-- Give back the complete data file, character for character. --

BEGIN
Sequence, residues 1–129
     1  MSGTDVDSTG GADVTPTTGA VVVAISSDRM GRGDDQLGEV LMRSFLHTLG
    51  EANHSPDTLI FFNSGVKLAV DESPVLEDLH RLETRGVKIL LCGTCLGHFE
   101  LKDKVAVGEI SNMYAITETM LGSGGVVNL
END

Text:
Sequence, residues 1–129
     1  MSGTDVDSTG GADVTPTTGA VVVAISSDRM GRGDDQLGEV LMRSFLHTLG
    51  EANHSPDTLI FFNSGVKLAV DESPVLEDLH RLETRGVKIL LCGTCLGHFE
   101  LKDKVAVGEI SNMYAITETM LGSGGVVNL